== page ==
NOTE TO SELF: When asked for salary requirements from prospective employers, do your homework before throwing out a number. Especially when the number is too low and labels you a novice, newbie, rookie, or otherwise glorified newcomer to a field you once knew well.
It won’t take you long to get up to speed — trust me, you’re smarter than you think — but you have only one chance to set that initial salary, hourly rate, or compensation. Afterwards, there’s no going back, and that number identifies your skill level immediately. Aim high.
I made a huge mistake undervaluing my contributions to a company, plain and simple. Took until now to notice why assignments were dwindling, and unfortunately, it was made painfully obvious as of late. Bitter? You betcha.
As a return-to-work mom, I considered my skills outdated, obsolete, and antiquated, and priced myself as such. My bad. Just because I took time off to raise things 1, 2, 3, and 4, doesn’t make me stupid, just dormant. And with a vast number of my zip-code unemployed, I was giddy by each rejection, and exhilarated for the random prospect. Bottom line: I wanted this job and priced myself to get it. It worked.
Had I requested the industry standard for my neck of the woods, the bossman could clearly decline, counter, or accept the number. But by aiming too low, I pigeon-holed myself right out of what I do best.
Salary Identifies Skill, or Lack Thereof
If bossman were billed appropriately for the skills I possess, I’m confident I’d be his #1 choice. Cocky? Perhaps, and if I weren’t getting the fee, referrals and recommendations from other clients, I’d certainly be blogging a different woe-is-me story. However, at my current price, I simply can’t be his smart choice. You get what you pay for.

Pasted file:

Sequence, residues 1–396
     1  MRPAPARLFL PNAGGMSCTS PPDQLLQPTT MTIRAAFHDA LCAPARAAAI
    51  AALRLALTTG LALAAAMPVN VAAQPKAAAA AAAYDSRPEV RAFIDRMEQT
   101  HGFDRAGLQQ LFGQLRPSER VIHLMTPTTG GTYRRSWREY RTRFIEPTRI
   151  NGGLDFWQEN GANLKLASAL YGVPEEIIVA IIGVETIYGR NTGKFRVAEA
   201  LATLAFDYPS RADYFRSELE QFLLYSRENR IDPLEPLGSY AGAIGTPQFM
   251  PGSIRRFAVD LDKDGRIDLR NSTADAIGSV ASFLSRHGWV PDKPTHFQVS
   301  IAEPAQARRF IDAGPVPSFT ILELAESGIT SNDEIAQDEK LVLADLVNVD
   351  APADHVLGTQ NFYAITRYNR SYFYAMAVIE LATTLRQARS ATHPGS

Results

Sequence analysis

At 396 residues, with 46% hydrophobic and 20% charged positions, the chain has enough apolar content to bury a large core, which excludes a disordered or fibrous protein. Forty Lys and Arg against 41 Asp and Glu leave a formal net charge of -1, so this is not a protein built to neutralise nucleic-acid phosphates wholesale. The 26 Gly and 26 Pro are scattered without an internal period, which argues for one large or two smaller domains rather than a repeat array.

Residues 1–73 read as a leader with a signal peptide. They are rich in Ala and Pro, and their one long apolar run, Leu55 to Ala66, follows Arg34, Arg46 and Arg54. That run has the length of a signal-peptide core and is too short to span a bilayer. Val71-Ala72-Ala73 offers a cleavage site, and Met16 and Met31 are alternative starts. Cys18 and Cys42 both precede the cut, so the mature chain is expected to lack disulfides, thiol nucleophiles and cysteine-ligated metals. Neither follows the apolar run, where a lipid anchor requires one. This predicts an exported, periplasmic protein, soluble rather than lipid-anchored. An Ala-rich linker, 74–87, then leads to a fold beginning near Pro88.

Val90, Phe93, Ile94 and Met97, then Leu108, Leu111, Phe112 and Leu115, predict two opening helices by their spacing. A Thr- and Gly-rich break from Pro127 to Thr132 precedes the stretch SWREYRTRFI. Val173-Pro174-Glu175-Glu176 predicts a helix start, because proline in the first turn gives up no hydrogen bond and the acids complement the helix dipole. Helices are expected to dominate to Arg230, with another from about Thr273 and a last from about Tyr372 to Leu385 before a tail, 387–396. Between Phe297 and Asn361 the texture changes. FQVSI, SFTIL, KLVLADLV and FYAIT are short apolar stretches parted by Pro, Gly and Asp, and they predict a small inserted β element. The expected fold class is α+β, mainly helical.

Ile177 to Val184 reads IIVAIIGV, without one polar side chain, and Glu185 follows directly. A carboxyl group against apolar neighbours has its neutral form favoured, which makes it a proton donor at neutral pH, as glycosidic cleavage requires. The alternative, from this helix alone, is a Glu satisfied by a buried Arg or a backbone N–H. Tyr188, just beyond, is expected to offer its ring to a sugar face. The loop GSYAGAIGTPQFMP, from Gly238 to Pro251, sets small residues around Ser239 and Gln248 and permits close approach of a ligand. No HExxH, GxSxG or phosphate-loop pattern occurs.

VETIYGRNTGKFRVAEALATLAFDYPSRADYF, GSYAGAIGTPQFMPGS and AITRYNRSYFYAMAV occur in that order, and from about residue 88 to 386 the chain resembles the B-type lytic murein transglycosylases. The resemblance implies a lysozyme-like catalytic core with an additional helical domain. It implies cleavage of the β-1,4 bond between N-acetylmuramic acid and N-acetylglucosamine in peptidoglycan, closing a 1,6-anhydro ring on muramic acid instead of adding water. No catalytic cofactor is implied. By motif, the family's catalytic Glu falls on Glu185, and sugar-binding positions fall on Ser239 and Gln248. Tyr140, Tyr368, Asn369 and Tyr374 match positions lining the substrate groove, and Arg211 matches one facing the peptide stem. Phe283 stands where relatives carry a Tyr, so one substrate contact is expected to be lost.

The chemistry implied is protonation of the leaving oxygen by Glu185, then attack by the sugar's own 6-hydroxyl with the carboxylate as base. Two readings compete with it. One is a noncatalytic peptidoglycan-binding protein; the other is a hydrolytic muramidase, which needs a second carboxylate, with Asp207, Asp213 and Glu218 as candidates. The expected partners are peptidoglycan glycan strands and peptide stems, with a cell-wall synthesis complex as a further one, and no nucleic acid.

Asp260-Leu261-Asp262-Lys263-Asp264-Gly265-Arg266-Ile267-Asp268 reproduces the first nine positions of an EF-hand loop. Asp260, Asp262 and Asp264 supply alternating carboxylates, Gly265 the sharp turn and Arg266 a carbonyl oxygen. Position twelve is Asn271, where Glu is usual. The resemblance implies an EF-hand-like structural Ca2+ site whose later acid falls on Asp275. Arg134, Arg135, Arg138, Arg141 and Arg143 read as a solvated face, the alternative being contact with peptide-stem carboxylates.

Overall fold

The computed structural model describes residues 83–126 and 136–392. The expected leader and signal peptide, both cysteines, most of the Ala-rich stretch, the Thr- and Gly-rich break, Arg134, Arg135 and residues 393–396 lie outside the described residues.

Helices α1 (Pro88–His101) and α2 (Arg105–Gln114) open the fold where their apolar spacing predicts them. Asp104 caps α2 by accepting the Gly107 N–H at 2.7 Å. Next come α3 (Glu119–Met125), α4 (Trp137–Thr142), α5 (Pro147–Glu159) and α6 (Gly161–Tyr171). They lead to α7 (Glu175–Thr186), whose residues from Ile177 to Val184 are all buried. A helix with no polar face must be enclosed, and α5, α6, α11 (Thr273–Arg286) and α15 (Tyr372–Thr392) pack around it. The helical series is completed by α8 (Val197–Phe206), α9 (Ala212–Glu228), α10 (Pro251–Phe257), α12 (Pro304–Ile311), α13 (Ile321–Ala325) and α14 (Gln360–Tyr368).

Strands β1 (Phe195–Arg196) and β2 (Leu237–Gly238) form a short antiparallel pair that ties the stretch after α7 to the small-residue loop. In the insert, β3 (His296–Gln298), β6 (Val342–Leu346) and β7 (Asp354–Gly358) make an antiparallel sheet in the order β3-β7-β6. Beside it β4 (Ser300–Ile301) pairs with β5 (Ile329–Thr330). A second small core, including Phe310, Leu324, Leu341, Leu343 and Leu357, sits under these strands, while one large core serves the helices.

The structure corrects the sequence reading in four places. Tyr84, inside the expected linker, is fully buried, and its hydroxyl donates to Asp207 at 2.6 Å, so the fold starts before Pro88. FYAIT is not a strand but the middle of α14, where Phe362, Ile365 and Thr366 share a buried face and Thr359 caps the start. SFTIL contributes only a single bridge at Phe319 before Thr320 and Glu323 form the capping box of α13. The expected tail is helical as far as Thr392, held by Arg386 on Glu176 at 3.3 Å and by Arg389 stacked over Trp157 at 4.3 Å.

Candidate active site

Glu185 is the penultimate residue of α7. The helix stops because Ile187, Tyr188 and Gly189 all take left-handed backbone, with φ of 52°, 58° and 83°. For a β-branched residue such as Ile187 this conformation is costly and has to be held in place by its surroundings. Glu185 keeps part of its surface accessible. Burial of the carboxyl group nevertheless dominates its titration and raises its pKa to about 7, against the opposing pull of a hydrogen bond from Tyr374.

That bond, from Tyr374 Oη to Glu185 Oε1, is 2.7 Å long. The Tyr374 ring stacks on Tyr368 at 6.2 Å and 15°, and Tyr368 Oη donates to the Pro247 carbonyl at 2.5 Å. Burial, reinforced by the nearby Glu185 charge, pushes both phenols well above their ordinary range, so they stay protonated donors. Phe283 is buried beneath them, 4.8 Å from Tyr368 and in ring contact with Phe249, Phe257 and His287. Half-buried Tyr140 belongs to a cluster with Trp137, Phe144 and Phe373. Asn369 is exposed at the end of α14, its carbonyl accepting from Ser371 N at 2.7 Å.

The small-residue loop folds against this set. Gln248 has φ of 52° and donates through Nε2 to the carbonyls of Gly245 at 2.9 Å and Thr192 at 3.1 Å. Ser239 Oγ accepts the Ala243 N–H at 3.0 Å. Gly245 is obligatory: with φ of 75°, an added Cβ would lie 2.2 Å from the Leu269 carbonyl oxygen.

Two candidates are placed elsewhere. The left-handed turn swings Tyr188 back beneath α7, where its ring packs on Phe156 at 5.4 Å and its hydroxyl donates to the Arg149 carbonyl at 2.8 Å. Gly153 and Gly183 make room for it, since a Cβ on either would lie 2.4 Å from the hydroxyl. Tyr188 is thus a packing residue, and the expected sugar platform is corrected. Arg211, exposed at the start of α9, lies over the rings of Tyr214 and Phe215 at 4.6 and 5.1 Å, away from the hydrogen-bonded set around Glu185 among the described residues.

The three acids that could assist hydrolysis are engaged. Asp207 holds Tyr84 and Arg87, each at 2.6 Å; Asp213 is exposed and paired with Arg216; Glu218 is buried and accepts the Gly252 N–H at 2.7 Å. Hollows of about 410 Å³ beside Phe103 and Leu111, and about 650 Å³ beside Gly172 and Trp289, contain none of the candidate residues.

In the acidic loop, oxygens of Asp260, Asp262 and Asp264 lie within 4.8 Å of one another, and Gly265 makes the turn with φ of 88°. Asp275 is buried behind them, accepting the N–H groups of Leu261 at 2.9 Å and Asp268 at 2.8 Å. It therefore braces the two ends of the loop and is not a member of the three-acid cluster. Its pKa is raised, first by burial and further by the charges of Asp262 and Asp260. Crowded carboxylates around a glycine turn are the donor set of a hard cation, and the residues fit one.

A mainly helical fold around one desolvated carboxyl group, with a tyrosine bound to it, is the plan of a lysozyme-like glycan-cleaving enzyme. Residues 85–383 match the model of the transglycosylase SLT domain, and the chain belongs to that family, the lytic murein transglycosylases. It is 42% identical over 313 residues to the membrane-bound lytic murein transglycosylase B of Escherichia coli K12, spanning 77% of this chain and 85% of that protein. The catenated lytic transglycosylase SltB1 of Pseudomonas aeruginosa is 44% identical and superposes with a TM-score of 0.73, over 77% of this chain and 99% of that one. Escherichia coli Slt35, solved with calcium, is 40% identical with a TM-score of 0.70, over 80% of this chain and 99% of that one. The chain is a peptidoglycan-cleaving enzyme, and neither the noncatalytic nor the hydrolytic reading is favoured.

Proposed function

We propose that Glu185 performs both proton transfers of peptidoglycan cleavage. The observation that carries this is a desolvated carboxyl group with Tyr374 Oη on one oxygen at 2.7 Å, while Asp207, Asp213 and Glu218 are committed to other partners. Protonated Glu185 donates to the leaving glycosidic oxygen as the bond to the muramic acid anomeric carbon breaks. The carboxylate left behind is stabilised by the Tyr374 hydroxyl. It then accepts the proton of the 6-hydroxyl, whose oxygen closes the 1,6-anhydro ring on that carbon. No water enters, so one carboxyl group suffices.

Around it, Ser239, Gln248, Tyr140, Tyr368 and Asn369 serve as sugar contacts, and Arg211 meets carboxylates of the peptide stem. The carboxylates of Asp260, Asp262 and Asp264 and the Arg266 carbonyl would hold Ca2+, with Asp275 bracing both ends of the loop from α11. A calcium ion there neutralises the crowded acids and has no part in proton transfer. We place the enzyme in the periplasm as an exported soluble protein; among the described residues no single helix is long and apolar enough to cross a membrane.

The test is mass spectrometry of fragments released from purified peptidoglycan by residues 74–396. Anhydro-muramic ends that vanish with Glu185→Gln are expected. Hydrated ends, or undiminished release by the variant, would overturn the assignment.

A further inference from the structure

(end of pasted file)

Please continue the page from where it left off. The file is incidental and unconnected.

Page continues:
I don’t blame him one bit; I’ve done this to myself. Dumb-ass.
Instead of getting a top-notch employee at a bargain-basement price, a sacrifice eagerly offered in exchange for the promised new media experience, contacts, and education eluded to in the job description, I’ve been labeled incompetent at my present hourly rate to complete the more intricate assignments.
And that hurts the pocketbook. And the ego.
Live and learn… boss man will figure it out soon, or one of his competitors will!
thx… already lining up options and hope success is eminent!
I’ve always had a problem pricing myself accordingly, unfortunately I could still blame it on the parents, but by my 40’s is that really fair to them? I think not & am still waiting to be comfortable in my own skin. Good luck with knowing your worth.
Just bid a job at my top freelance rate; partly because so peeved off at being undervalued. Expected to be ignored but instead, one of finalists for job! I actually wrote the bid once, then rewrote to what I thought a “professional” would bid it at. We return-to-work moms need to value ourselves more in order to demand the same from the marketplace.